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Ask Farmer: How did the term ‘punter’ originate?

However the term “punter” originated, the Rams have a good one in Johnny Hekker.
However the term “punter” originated, the Rams have a good one in Johnny Hekker.
(Robert Gauthier / Los Angeles Times)

Have a question about the NFL? Ask Times NFL writer Sam Farmer, and he will answer as many as he can online and in the Sunday editions of the newspaper throughout the season. Email questions to: sam.farmer@latimes.com

How did punters become known as “punters”? Does it have anything to do with the British use of the word, to play at a gambling game against the banker?

Glenn Rewick, Mill Valley

Farmer: While etymologists are unsure of the origin of “punt” as it relates to football, that connection to gambling is not among the leading theories. According to the Merriam-Webster dictionary, the term first appeared in 1845 in football rules issued by the Rugby School. It could be that punt is a version of bunt, or possibly the regional word punt which meant to “push with force.”

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Let’s set that aside for the moment — punt on that question, if you will — and examine “coffin corner,” which we know in football as those areas that punters aim for, at the intersection of the sideline and goal line, in order to pin opponents deep in their own territory.

Sam Farmer, The Times’ NFL columnist, makes his picks and predictions for every NFL game on Sunday and Monday for Week 1 of the 2019 season.

So who came up with coffin corner? That’s actually a term used for decorative inset niches in the walls of old houses with steep, winding staircases. Those nooks, which display vases or other knickknacks, purportedly were built that way to allow more room for navigating coffins up and down the stairs.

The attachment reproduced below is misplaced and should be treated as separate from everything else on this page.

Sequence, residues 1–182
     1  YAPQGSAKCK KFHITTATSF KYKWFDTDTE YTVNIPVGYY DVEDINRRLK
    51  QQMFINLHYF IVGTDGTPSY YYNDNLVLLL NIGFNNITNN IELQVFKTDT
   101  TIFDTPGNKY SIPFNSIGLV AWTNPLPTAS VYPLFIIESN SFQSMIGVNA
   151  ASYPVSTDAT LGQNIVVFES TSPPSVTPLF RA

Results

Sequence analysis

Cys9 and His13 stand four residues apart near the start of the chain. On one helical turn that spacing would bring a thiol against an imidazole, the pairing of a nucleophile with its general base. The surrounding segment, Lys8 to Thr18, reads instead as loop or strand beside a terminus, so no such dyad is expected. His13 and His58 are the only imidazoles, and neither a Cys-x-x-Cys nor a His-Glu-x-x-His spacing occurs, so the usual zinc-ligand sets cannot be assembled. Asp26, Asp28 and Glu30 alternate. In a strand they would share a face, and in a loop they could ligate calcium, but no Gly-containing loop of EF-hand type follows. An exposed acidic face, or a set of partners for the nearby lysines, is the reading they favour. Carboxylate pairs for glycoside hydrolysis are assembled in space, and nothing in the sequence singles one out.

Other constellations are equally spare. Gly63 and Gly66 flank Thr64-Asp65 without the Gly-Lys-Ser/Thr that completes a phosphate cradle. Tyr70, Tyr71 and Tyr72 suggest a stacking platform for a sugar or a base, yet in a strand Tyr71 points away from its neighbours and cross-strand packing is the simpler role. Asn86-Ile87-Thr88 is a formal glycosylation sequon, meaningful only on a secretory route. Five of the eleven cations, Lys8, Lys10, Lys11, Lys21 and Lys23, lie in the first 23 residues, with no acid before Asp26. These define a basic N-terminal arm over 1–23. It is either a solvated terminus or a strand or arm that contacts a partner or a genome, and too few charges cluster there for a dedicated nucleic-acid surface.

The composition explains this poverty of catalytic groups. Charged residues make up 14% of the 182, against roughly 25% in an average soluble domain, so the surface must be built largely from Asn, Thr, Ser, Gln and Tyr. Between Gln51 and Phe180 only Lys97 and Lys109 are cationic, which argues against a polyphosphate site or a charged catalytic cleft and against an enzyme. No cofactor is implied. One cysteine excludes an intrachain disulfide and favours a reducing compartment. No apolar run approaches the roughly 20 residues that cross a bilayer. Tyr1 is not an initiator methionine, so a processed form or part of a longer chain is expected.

That doesn’t make a lot of sense, of course. Even if someone died upstairs, why lug a coffin up there to retrieve the body. But it makes for a colorful story, and a curious connection to football.

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Is there a limited amount of people per team who can be on the sideline during a game? Not pregame, but during the game — besides players, team personnel, reporters, etc.?

Chris Rising, Pasadena

Farmer: According to an NFL spokesman, there is not a set number of people allowed on the sideline, but all there must have an in-game, on-field function to be permitted access. Both league football operations and security work closely with the host team to ensure those credentialed to be on the field have a working function.

It used to be that reporters in the press box had the option of watching the final minutes from a designated area on the sideline. That helped avoid a logjam at the end of a game, when everyone was trying to use the same bank of elevators to get down to the locker rooms. For security reasons, that pretty much ended in the wake of the 9/11 terrorist attacks.

During his playing days, Peyton Manning wanted to know precisely who was on the sideline during games, and why they needed to be there. He also wanted to know where all the team’s scouts were on a given weekend, and why they were in a particular place. John Madden used to say Manning was taking that detailed interest because he was training to be a team owner one day.


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